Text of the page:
In step 560, the daughter node NiL is set to the current node Ni, and a new iteration is begun by jumping to step 515. Once daughter node NiL, and all its daughter nodes are tested, control continues to step 570, where the daughter node NiM, and its daughter nodes are tested. Once all of those nodes are tested, control continues to step 580, where the daughter node NiR and its daughter nodes tested. Once all the daughter nodes of the current node are tested, control continues to step 590, which ends the present iteration and returns control to the previous iteration. If there is not a previous node, step 590 simply ends the tree searching process, and Φ, the set of all intersected track volume measurement estimates 56, is output. Set Φ can now be used as a limited set of objects for which brute force comparison of their track volume measurement estimates 56 to the measurement 54 and measurement volume 52 is necessary.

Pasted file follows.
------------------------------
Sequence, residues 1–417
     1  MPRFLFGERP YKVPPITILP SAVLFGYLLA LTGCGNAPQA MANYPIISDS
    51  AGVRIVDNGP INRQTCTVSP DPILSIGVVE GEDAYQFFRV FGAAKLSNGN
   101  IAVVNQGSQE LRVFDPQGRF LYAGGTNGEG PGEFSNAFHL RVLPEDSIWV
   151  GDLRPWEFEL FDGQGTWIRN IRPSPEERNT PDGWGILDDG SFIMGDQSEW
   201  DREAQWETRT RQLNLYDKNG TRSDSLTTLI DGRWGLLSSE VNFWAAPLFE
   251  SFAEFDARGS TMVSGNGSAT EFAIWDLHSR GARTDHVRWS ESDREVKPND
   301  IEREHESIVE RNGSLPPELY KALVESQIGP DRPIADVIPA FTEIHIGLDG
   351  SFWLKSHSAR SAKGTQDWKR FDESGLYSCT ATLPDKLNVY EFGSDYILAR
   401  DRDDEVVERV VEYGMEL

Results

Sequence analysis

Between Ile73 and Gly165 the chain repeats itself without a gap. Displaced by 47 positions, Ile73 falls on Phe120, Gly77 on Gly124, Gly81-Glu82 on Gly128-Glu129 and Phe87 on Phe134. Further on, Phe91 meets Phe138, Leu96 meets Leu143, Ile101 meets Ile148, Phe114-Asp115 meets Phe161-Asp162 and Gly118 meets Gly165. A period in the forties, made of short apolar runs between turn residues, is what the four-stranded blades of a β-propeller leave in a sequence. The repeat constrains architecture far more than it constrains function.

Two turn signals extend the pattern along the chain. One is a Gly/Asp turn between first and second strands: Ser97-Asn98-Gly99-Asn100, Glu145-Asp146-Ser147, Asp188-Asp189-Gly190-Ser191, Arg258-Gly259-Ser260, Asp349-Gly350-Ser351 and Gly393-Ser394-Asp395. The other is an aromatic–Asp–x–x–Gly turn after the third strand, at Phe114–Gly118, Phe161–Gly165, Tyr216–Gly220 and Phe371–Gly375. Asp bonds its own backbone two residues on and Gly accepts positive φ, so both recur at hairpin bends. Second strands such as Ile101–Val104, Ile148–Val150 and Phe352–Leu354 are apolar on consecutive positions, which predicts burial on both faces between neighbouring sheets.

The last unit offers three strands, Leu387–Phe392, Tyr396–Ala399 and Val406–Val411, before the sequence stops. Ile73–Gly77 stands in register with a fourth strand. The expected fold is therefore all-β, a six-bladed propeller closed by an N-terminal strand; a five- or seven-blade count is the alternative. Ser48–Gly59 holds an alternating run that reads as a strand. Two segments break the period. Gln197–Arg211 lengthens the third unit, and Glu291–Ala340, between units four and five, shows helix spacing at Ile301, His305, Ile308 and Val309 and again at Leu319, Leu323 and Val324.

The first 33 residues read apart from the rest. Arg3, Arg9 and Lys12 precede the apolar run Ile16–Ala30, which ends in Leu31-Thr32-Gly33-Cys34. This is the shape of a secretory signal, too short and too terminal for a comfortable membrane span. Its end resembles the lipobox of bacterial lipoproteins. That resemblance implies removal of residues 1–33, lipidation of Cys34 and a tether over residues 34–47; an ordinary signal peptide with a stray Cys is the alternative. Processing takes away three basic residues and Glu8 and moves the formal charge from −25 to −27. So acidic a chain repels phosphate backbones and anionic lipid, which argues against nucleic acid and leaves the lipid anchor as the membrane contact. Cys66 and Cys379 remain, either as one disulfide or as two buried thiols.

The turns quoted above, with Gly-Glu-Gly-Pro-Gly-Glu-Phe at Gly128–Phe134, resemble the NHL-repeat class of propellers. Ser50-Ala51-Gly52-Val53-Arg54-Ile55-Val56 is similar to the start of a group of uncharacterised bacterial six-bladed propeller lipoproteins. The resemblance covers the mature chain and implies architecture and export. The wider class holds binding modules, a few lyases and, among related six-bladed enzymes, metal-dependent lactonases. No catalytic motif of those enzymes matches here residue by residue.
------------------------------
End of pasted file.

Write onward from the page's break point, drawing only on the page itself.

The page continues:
FIGS. 3-7 illustrate the application of the first preferred embodiment of the present invention. In FIGS. 2 and 3, the track volume measurement estimates 56A -56N for 21 objects A-U are shown respectively in three dimensional perspective and in a 2-dimensional projection on the X-Y plane. The origin represents the location of a sensor 12 or the like, with the Z axis extending positively into the page in FIG. 3. In accordance with step 310, the set S1, containing all the objects A-U, is formed and associated with the base node N1, as shown in FIG. 7. Since |S1 |>0 (step 320), a volume V1, which minimally encloses the track volume measurement estimates 56 of objects A-U, is determined (step 330). Since |S1 |>1 (step 340), an arbitrary object of set S1 is selected and removed from S1, based on minimizing the overlap between subsequent sets S1L, S1M and S1R (step 350). As shown in FIG. 3, the shaded track volume measurement estimate 56M corresponding to object M is selected, and equated to v1, the track estimate volume of node N1 (step 350).